President Bush was playing to the crowd Tuesday when he told a meeting of the American Medical Assn. that the nation's health-care crisis "doesn't start in the waiting room or the operating room -- it starts in the courtroom." Reeling under steep insurance premiums and lottery-like malpractice awards, the assembled doctors cheered and put their hands together.
The president's speech would have been more on point and powerful if it had instead emphasized besieged emergency rooms -- such as the one at Los Angeles County-USC Medical Center, where patients wait an average of seven to eight hours before feeling the first cold slap of a physician's stethoscope.
Yes, doctors are under siege. In Florida, for instance, insurance premiums have soared by 30% to 40% in general surgery and obstetrics in the last two years alone. So Bush was right to embrace a bill by Rep. Jim C. Greenwood (R-Pa.) that would put a national cap on pain-and-suffering damage awards for medical negligence.
With 107 co-sponsors, the bill is expected to breeze through the House as early as next week and then head to the Senate. There, lawmakers need to scrutinize it more closely. As is, it sets the cap at $250,000. This is the amount California set 28 years ago. Given inflation, that amount has become too small to motivate most lawyers to take on even the most valid case of malpractice.
Greenwood's bill describes itself primarily as a way to "improve patient access to health-care services." Let's get real. Nearly one out of every three nonelderly Americans -- 11 million in California -- went without health insurance for all or part of 2001-02, according to a report released Wednesday by the Robert Wood Johnson Foundation. Limiting how much doctors can be sued for won't do much for people who can't afford prompt treatment in the first place.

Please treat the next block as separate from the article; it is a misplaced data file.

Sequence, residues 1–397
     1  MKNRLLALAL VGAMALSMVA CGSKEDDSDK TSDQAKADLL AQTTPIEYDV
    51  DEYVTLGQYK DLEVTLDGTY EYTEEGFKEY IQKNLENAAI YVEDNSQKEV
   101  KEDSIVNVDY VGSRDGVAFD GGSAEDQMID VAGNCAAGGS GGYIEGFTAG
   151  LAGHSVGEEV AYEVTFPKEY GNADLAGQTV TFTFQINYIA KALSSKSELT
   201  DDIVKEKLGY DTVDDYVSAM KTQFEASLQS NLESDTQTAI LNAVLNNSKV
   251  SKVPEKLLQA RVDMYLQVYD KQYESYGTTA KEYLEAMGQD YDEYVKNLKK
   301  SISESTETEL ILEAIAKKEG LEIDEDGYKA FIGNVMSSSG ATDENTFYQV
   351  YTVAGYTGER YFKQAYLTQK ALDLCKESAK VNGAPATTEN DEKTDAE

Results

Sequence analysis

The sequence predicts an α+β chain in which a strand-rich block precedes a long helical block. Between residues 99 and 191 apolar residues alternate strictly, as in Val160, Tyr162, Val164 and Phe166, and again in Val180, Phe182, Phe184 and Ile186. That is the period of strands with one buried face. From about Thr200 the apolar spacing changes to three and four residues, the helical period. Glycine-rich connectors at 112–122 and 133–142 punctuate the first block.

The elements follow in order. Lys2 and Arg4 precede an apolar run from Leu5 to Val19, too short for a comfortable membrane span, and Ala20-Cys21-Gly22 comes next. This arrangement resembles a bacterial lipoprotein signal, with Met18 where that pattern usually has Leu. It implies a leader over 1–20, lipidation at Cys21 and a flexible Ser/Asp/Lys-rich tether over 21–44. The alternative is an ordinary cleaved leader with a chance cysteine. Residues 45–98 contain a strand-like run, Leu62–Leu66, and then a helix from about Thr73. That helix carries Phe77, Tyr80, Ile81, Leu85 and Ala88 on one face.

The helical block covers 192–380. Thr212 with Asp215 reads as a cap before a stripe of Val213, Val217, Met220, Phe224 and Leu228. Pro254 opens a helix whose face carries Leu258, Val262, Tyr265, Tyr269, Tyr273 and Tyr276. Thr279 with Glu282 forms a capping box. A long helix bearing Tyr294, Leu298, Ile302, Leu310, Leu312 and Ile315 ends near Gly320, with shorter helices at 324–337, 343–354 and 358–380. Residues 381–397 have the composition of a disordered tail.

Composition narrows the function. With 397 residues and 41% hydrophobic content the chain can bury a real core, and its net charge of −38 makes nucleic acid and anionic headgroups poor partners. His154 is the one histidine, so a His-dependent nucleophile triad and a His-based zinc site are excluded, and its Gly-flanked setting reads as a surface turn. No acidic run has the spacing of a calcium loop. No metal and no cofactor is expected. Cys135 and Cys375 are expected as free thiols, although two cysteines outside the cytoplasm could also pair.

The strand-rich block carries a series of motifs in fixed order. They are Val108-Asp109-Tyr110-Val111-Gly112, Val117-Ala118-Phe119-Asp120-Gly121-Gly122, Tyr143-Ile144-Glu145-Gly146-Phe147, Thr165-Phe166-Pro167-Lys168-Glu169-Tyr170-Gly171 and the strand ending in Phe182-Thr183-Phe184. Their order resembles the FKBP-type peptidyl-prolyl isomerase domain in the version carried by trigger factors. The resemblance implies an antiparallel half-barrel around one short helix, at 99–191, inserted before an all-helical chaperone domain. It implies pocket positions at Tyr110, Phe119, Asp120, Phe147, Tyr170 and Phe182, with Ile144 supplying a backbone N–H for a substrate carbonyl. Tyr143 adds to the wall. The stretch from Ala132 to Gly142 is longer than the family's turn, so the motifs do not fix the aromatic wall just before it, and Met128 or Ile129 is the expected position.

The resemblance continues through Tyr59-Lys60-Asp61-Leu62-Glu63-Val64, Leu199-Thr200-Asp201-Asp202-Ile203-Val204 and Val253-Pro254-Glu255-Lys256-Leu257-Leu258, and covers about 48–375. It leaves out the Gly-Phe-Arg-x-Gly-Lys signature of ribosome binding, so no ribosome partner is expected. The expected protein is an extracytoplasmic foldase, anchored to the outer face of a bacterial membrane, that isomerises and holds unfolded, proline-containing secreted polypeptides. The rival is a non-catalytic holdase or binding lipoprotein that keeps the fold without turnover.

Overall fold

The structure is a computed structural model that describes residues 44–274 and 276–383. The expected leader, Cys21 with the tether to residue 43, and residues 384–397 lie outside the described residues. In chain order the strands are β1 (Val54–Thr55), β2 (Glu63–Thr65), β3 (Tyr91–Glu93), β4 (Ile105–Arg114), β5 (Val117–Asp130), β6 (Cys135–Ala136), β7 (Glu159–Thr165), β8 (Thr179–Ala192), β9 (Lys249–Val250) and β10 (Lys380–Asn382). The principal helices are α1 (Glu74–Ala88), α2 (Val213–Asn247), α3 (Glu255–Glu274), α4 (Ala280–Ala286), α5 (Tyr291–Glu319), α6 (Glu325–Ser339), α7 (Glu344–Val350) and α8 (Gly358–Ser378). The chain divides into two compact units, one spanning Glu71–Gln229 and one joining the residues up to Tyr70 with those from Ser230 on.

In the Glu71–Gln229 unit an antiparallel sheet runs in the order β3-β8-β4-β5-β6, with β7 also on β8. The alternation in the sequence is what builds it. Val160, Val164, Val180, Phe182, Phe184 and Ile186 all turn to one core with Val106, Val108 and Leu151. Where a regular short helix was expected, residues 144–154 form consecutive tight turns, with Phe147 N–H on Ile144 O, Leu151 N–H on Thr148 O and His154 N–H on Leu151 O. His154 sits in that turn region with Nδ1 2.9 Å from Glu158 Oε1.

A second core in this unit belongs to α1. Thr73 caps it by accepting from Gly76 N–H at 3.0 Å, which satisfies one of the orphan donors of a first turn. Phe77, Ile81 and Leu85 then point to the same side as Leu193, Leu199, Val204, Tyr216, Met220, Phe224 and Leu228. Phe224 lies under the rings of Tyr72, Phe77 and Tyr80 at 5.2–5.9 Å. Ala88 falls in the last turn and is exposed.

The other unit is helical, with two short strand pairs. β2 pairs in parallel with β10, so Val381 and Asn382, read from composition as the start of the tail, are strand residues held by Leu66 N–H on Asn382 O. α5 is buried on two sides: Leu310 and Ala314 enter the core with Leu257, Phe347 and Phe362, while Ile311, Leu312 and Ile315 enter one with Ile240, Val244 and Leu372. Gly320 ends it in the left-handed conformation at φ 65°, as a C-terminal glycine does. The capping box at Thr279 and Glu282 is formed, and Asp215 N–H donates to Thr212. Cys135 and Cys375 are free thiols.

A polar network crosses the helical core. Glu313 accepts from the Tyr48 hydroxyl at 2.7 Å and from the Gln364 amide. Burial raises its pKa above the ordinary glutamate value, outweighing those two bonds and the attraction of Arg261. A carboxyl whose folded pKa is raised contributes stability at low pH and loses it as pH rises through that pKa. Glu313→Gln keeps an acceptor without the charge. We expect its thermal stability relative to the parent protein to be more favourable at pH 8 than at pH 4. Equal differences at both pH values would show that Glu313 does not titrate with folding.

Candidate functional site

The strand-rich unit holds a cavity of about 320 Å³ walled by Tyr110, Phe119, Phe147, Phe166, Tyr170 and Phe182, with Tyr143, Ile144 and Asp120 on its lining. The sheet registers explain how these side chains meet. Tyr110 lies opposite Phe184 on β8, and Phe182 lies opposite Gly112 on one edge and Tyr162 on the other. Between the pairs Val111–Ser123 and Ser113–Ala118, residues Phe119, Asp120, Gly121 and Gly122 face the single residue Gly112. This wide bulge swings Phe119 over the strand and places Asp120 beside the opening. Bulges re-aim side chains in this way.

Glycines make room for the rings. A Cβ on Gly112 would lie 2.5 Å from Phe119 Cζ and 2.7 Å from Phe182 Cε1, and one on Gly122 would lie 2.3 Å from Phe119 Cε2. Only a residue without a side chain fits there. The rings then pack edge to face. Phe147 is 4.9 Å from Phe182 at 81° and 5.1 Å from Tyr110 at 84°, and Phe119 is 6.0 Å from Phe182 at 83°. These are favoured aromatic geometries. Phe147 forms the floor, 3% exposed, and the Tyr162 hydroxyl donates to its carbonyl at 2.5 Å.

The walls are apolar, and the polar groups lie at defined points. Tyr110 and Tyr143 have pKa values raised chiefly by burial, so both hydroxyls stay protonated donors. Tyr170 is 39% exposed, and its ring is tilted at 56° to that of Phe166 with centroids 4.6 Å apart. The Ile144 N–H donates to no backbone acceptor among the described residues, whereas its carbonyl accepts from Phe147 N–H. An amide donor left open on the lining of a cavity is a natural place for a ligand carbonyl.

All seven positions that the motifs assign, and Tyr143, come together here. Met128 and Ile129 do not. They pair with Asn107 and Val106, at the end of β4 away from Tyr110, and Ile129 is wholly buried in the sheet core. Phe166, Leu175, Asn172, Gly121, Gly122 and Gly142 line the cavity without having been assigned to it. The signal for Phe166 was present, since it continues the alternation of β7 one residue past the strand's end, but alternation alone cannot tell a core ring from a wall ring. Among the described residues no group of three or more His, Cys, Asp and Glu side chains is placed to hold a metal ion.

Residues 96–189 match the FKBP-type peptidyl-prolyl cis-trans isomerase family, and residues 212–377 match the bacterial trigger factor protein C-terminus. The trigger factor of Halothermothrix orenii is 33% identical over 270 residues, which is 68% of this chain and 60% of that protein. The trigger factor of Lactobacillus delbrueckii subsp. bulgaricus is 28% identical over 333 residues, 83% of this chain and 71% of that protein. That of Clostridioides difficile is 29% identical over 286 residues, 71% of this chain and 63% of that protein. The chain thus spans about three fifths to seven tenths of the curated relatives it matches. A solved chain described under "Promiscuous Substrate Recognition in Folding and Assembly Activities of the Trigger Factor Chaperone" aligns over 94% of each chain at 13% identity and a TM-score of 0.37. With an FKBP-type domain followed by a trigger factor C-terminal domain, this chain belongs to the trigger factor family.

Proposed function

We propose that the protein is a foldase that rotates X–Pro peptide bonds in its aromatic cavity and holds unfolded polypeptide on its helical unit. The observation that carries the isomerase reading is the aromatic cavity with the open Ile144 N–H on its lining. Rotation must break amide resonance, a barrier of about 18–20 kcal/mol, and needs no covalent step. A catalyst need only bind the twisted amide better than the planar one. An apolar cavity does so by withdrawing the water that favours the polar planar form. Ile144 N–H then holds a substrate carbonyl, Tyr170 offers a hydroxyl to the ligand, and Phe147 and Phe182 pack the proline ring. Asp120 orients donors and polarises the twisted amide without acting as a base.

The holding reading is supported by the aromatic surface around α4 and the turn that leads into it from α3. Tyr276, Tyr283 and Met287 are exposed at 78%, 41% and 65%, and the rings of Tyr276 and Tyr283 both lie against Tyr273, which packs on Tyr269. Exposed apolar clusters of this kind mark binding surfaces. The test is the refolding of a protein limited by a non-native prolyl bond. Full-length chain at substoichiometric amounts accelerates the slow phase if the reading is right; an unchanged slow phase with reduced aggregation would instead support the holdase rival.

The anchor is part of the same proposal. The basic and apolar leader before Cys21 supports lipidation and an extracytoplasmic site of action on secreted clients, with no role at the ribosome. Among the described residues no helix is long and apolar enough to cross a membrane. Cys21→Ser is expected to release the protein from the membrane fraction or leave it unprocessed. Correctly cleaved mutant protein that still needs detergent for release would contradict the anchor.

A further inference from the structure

What's needed is a complete overhaul of America's health-care system. But even a few less-revolutionary changes would help a lot -- if Bush would just show as much concern for impoverished sick people as he does for rightfully angry docs.
In urging the privatization of Medicare, Bush repeated that he is adamantly opposed to ideas "in which the federal government decides care, the federal government rations care, the federal government dictates coverage."
But what's wrong with the government "dictating" that Medicare programs cover essential treatments like emergency-room visits for seriously ill people and preventive screening for cancer and diabetes?
Helping Medicare patients obtain prescription drugs also would be good. But Bush asked Congress to offer a prescription-drug benefit only to seniors willing to leave traditional Medicare and enroll in health maintenance organizations -- again demanding no guarantees from the HMOs.
Bush is on to something in devoting so much attention to health care. Now he and Congress need to make sure that reforms offer at least as much help to downtrodden patients as they do to well-heeled healers.